Multi-story mixed use buildings are now permitted in a new overlay district in the area around Railroad Avenue, following the adopting of a new zoning code article by the town board last week.
The new Railroad Avenue Urban Renewal Area Overlay District is intended to spur redevelopment of the area — previously designated as an urban renewal area — in a way that maintains “a traditional downtown character to complement the character of Main Street.”
Blighted conditions still exist in the area, which faces “unique obstacles” that have deterred redevelopment there, as documented in the 1990 Urban Renewal Plan, the 2003 comprehensive plan and the 2015 Brownfield Opportunity Area Step II Nomination Study, according to the new code.
The overlay district is located in the DC-3 zoning use district, which was adopted as a result of the 2003 comprehensive plan. But the DC-3 district did not result in significant investment in the area, the new code says.
The overlay provides additional development options and increased densities on eligible sites if the developer opts to take advantage of it.
The code allows building heights of up to 50 feet on properties 20,000 square feet to 60,000 square feet in size, with 60% lot coverage. It allows building heights of up to 60 feet on properties bigger than 60,000 square feet in size, with 80% lot coverage.
Under certain circumstances, some buildings are allowed a maximum height of 75 feet, at the discretion of the town board. Buildings eligible for the increased height are mixed-use buildings that include an “arts use” such as “museum or performing arts or similar” on the ground floor. The new code limits the maximum height to that which is less than that considered a “high-rise” building under the New York State Building Code, which defines a high-rise building as one having “an occupied floor of more than 75 feet above the lowest level of fire department vehicle access.”
Property owners may further increase density by providing certain community benefits: shared parking for complementary uses; purchase of land along the Peconic River for passive park use; purchase of transfer of development rights credits; implementation of green infrastructure (rain gardens) on- or off-site; and other features such as a green roof.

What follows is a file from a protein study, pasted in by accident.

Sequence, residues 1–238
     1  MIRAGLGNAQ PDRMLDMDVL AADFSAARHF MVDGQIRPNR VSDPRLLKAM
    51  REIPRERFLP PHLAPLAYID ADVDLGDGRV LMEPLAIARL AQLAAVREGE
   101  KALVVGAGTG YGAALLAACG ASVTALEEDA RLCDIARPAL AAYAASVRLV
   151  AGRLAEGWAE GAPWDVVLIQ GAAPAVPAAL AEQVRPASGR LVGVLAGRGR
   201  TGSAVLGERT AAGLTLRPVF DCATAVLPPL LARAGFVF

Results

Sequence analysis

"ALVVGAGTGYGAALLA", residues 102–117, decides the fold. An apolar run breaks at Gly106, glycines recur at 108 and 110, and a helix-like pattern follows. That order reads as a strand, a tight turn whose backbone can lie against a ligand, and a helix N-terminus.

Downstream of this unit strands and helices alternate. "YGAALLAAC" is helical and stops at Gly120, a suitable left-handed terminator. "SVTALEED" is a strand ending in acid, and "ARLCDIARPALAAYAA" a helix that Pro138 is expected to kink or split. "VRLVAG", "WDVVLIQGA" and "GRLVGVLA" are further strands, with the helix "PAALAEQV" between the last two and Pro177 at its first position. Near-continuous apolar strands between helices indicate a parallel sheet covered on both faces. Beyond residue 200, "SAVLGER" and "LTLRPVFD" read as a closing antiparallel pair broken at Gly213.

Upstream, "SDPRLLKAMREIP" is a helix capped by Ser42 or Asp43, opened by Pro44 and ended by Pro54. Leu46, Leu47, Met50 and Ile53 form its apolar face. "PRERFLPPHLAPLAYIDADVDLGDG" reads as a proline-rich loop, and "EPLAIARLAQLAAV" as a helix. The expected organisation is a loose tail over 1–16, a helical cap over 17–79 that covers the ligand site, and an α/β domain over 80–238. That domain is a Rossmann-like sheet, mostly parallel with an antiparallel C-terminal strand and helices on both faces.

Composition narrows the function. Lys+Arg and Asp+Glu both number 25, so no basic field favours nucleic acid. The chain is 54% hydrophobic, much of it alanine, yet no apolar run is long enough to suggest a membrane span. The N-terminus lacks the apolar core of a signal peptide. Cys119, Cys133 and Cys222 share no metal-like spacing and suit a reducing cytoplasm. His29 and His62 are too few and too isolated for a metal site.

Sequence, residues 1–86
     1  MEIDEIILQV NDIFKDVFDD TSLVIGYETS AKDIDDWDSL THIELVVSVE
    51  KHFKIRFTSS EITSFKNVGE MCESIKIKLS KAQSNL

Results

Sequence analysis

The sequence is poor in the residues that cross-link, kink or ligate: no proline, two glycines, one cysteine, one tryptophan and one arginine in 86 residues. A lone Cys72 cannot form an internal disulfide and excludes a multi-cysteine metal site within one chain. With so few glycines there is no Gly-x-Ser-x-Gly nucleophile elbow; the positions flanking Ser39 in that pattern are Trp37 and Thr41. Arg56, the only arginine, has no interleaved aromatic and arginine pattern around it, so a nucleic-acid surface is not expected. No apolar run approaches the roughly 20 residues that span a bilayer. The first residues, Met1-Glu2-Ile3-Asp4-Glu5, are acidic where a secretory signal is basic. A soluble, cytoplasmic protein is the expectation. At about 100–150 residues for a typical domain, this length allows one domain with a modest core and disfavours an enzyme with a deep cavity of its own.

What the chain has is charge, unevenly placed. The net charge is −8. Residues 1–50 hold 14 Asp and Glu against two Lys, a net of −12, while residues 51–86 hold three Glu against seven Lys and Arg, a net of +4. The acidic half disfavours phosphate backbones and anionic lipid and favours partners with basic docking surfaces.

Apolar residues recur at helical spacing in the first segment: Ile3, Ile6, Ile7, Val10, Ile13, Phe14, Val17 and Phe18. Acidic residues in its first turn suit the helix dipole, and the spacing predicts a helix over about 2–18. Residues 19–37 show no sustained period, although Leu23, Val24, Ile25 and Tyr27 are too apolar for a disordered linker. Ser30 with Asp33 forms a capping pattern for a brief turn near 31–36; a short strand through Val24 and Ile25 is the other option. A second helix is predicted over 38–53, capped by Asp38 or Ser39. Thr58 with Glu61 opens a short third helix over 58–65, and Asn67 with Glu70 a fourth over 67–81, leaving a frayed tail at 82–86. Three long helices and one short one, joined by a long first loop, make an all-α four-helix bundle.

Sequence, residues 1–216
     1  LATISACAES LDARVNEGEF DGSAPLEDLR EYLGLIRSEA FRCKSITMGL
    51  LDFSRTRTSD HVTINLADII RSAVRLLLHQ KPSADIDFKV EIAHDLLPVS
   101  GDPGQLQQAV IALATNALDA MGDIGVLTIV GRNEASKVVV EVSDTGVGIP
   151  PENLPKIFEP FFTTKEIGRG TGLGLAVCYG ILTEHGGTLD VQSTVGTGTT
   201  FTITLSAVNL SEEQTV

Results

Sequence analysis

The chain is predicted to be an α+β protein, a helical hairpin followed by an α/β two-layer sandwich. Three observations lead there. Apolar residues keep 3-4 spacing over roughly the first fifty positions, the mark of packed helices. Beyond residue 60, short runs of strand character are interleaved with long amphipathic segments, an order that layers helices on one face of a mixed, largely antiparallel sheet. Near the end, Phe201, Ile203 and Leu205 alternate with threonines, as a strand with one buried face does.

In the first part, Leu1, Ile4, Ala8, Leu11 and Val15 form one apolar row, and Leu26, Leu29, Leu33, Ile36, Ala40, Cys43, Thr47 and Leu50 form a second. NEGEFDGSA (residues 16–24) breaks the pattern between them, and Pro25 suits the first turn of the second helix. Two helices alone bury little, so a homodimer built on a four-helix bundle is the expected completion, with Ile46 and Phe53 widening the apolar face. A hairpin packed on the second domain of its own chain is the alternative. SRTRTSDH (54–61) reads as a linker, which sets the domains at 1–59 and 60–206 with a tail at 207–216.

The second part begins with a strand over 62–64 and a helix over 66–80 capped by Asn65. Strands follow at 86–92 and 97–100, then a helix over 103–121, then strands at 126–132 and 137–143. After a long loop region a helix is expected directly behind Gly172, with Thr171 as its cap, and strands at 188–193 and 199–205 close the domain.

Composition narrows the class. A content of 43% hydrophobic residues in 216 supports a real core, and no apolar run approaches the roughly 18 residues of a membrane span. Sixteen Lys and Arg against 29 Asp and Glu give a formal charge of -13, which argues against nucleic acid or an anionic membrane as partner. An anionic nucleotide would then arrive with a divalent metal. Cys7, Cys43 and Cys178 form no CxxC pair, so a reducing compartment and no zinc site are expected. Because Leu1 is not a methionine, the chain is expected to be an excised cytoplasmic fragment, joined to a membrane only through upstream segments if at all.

The code requires developers of residential units to provide off-street parking for dwellings, calculated according to the size and number of residential units.
The overlay district allows new as-of-right uses that are not permitted as-of-right in the DC-3 district: marketplaces, including farmers market or food hall; brew pubs and microbreweries; live-work spaces; and mixed-use buildings with apartments and mixed uses on the upper floors. Other uses permitted as-of-right in the overlay district are permitted in the DC-3 district by special permit of the town board: hotels, taverns and indoor recreation facilities. Some uses allowed in the DC-3 district are not permitted as-of-right or by special permit in the overlay: places of worship, funeral homes and town houses.
The overlay stretches from Roanoke Avenue on the east to Sweezy Avenue on the west. It is, for the most part, bounded on the south by West Main Street and on the north by Lincoln Street (and the railroad tracks west of Osborn.)
The town board in October classified the code adoption as a Type I action under the State Environmental Quality Review Act.
A public hearing was held on the proposed overlay district on Nov. 17.
Last Tuesday, the board determined the overlay district is anticipated to have no no significant adverse environmental impacts and adopted a negative declaration, meaning the board would not require an environmental impact study, and adopted the new district.
The board voted unanimously 4-0 to adopt the new code at the Jan. 5 meeting.
“This is great for the Railroad Avenue area where they’re looking to get some assistance,” Councilman Tim Hubbard said. “And it’s based on the traffic oriented plan —transit oriented plan — that they’re going to be able to re-do, rebuild, and get money from the state to help make this happen, which is an area that desperately needs it,” he said.
Supervisor Yvette Aguiar agreed. “I also want to state that this is part of the transit oriented development, and this is something that we needed,” Aguiar said.
“People have been placing interest in that area, and now we have some guidance with the plan to move that area forward. And hopefully soon, and we have had interest and we have seen plans and our Community Development Agency is working and they actually are responsible for this document,” Aguiar said. “We want to thank them for their work and and telling us — knowing that we needed this to move that area forward. And thank you, our CDA.”
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